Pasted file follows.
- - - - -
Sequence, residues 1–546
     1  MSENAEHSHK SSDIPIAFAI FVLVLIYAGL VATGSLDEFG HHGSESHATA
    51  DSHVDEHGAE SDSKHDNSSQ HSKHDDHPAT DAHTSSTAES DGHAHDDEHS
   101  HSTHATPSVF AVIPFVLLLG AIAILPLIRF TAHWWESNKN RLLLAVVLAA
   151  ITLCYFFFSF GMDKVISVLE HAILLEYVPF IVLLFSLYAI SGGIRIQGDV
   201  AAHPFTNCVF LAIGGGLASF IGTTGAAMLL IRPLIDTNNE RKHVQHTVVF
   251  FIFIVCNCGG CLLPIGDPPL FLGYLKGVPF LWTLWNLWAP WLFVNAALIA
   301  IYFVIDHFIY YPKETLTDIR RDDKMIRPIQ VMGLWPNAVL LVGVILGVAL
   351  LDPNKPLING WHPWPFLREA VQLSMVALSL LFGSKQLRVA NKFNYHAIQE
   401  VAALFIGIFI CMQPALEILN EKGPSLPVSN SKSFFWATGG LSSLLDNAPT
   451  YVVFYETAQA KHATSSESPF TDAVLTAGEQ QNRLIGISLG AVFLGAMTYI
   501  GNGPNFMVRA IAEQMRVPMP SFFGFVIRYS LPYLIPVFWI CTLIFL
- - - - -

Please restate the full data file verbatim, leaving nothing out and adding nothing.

Sequence, residues 1–546
     1  MSENAEHSHK SSDIPIAFAI FVLVLIYAGL VATGSLDEFG HHGSESHATA
    51  DSHVDEHGAE SDSKHDNSSQ HSKHDDHPAT DAHTSSTAES DGHAHDDEHS
   101  HSTHATPSVF AVIPFVLLLG AIAILPLIRF TAHWWESNKN RLLLAVVLAA
   151  ITLCYFFFSF GMDKVISVLE HAILLEYVPF IVLLFSLYAI SGGIRIQGDV
   201  AAHPFTNCVF LAIGGGLASF IGTTGAAMLL IRPLIDTNNE RKHVQHTVVF
   251  FIFIVCNCGG CLLPIGDPPL FLGYLKGVPF LWTLWNLWAP WLFVNAALIA
   301  IYFVIDHFIY YPKETLTDIR RDDKMIRPIQ VMGLWPNAVL LVGVILGVAL
   351  LDPNKPLING WHPWPFLREA VQLSMVALSL LFGSKQLRVA NKFNYHAIQE
   401  VAALFIGIFI CMQPALEILN EKGPSLPVSN SKSFFWATGG LSSLLDNAPT
   451  YVVFYETAQA KHATSSESPF TDAVLTAGEQ QNRLIGISLG AVFLGAMTYI
   501  GNGPNFMVRA IAEQMRVPMP SFFGFVIRYS LPYLIPVFWI CTLIFL